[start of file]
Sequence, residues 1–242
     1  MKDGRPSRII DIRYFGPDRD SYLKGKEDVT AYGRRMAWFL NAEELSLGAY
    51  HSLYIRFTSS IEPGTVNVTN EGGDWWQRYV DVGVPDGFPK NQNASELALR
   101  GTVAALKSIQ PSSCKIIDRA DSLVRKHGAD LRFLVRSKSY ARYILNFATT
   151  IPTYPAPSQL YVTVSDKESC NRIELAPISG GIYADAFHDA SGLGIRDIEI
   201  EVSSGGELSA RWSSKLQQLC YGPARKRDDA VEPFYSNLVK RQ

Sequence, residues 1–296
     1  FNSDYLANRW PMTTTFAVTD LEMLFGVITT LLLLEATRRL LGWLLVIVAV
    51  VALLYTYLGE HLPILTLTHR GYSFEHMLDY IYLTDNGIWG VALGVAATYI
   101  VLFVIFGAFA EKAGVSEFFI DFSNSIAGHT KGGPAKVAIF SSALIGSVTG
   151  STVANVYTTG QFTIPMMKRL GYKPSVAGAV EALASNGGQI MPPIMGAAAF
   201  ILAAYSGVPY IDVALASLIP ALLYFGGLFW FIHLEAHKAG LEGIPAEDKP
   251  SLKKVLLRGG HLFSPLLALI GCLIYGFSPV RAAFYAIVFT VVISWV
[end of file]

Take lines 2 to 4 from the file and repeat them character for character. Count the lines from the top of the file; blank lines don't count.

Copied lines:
     1  MKDGRPSRII DIRYFGPDRD SYLKGKEDVT AYGRRMAWFL NAEELSLGAY
    51  HSLYIRFTSS IEPGTVNVTN EGGDWWQRYV DVGVPDGFPK NQNASELALR
   101  GTVAALKSIQ PSSCKIIDRA DSLVRKHGAD LRFLVRSKSY ARYILNFATT